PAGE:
Today is the close of week three of Operation Project $0. I hope you are being encouraged that sewing doesn't have to be expensive and that there are so many ways to rework what you might already have!
Today I have Al of the Shaffer Sisters with us. She is incredibly talented and has two adorable kiddos. The fact that we both sew for boys and girls and they we both have tall children makes me always want to check out her posts!
Give a huge welcoming hug to Al....
Hey, Winter Wonderings, Wanderings, & Whatnot readers. It is such a joy and an honor to be here sharing on Operation Zero. With my husband still in school and two young kids always around my feet, pretty much every project has to be a free one. It seems like a majority of Suzanne's posts involve up-cycling and the first time I read her blog was when she competed on PR&P. I was new to the blogging world and PR&P. Her great looks often came from up-cycled clothing or leftovers from another project. So I admired her creative talents from afar and now I'm lucky to be over here.
sailor suits for our sons. We started out making these in celebration of my Grandpa's life and his loving service in the navy, but we had barely just enough to get two little girl skirts as well. They were quick and easy.
For the 3/4T size skirt I cut two pieces of fabric 9" (H) X 16" (W). If I would've had more than 9" for the height I would've used it, but this was all we could get out of the sheet. Because I knew it wasn't long enough, I had to take the extra step to make it long enough by adding a ruffle with some scraps I had.
french seam on your side seams. To put in the hem (this would come after both side seams) you would press the fabric 1/4" to the wrong side and then roll up another 1/2". Then top stitch the hem at 3/8" so it stays.
Concentric Circle Dress) because it would've been harder to use the satin stitch in this situation. By the time, I had completed all my embroidery, the tailors chalk had worn off. If it would've still been around then I would've hand washed it. Following the hand embroidery I cut two black pieces of interfacing just bigger than the completed images (leftover from the boys' sailor suits) and ironed them onto the back of the fabric to project the stitching. Both images were made using one package of embroidery floss that cost a total of $0.25.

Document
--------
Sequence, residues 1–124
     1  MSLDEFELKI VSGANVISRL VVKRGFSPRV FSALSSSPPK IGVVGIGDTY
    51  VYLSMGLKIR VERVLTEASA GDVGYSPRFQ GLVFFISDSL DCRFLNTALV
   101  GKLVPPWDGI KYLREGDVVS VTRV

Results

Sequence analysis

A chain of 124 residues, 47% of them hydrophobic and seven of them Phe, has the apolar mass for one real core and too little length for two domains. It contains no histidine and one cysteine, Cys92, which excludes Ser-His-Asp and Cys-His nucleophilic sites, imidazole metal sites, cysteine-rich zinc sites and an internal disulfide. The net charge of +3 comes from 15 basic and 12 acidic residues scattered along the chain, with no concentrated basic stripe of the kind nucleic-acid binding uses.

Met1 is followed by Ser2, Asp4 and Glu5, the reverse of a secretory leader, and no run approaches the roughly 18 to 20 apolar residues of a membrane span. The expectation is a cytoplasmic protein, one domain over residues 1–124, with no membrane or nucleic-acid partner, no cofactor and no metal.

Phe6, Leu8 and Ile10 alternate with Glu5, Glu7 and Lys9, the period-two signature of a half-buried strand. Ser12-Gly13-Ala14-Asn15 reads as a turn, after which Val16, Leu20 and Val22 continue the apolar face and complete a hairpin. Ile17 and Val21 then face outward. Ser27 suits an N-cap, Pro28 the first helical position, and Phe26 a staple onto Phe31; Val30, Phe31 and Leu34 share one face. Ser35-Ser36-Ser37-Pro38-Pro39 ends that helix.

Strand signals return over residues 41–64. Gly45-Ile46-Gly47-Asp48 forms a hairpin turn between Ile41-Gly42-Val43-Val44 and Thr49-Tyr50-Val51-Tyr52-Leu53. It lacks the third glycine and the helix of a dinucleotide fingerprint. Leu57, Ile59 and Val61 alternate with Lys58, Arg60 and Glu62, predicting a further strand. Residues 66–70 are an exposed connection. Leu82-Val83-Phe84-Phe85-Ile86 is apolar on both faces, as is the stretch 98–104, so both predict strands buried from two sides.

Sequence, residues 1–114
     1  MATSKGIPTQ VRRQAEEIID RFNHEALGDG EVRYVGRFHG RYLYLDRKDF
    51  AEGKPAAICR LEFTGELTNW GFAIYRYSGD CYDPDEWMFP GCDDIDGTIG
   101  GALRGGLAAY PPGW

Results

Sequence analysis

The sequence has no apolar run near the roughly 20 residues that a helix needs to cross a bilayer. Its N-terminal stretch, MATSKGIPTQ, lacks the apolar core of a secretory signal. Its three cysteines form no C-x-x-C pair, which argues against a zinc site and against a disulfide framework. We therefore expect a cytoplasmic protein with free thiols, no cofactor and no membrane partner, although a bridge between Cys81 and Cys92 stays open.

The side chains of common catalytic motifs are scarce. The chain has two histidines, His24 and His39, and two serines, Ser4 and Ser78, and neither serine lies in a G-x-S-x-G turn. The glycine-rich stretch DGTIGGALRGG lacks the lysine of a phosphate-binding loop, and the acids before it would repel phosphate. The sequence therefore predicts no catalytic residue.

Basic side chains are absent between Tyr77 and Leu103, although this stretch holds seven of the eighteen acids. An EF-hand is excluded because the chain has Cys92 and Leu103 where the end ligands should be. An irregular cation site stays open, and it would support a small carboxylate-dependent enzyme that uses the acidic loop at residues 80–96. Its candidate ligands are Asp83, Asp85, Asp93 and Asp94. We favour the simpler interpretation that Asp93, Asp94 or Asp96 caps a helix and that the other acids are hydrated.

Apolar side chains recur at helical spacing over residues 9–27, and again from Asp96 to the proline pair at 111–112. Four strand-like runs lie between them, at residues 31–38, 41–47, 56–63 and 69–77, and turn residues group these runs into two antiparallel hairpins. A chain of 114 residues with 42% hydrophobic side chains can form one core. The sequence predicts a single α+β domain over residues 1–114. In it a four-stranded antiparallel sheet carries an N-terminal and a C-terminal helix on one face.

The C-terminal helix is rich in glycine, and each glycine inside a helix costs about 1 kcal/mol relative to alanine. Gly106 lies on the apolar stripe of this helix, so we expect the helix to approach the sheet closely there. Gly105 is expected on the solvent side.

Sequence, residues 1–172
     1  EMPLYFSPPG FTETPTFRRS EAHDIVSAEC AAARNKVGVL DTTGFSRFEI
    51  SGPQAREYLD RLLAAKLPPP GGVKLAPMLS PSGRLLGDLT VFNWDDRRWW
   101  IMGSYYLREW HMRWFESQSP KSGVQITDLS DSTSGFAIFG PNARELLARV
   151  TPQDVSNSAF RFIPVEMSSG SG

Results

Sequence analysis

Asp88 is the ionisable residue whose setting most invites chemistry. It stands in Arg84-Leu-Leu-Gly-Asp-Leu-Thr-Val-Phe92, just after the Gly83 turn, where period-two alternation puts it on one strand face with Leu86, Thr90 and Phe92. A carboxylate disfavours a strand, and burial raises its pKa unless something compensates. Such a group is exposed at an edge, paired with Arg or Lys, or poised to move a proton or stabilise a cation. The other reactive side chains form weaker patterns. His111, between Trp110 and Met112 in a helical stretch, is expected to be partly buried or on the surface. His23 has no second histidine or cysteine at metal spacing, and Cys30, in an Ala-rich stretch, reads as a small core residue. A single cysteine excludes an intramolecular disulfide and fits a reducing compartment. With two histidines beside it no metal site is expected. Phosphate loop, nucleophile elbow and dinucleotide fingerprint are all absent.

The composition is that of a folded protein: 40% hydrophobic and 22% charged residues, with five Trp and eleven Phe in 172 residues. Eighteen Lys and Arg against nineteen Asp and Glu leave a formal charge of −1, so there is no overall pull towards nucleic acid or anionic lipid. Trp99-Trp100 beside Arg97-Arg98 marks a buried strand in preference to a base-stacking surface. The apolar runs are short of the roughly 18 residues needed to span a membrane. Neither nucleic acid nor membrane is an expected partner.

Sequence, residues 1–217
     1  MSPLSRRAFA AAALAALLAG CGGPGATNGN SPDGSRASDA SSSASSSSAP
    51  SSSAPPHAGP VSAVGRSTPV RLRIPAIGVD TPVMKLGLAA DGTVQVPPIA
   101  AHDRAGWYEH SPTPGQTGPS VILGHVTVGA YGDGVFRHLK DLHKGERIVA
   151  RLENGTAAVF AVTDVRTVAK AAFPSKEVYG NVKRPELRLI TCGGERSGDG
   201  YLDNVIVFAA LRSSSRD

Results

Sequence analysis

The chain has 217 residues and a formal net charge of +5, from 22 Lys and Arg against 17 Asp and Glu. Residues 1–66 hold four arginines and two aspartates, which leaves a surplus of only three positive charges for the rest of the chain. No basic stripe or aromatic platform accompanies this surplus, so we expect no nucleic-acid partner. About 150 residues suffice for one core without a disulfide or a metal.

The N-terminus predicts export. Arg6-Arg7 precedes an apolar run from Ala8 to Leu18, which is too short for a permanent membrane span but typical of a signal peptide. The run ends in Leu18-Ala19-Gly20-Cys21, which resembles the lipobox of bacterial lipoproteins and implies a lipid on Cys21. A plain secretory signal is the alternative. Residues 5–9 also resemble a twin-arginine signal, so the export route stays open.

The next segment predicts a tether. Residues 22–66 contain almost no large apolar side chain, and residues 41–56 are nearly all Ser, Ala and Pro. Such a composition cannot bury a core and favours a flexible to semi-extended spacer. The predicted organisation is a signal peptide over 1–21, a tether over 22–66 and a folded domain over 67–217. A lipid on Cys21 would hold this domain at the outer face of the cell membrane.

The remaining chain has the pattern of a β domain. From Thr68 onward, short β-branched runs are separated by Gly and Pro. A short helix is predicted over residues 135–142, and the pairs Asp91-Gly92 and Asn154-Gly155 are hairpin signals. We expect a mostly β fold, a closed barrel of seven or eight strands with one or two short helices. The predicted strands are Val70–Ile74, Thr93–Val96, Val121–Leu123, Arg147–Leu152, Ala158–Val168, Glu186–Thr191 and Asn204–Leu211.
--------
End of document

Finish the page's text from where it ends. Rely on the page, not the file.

I hope that everyone who reads this series gets the take home message that sewing doesn't have to be an expensive hobby. You can get bold on a budget. You're kids (or yourself) can look like fashionistas instead of someone that has a $20 clothes budget a year. If anything it can be a money saver if you look for fabric in the right places (clothing exchanges, flat sheets, clothes that you no longer like and could be up-cycled for your child, clearance rack dresses that contain yards of knit fabric, fabric lover friends who have more than they could use in a life time and would love to share with a fellow seamstress, yard sale discoveries, thrift store jewels: vintage patterns, fabric, thread, buttons, etc). It's funny what happens when you stop seeing things as what they are, but potentials for fabric. There's a quote I love from Dr. Suess' 'One Fish, Two Fish, Red Fish, Blue Fish,' "If you never did, you should. These things are fun and fun is good."
Look for these good things in life. I promise you will find joy.
Thank you so much for being here today! I love these skirts - and the Dr. Suess quote is awesome. We should all keep trying new things and looking at things in a new way. Finding fabric in new places keeps it fun and unexpected!
If you have been inspired to sew up something for $0 or close to $0, make sure to link it up in the Flickr Group so that I can feature you next week!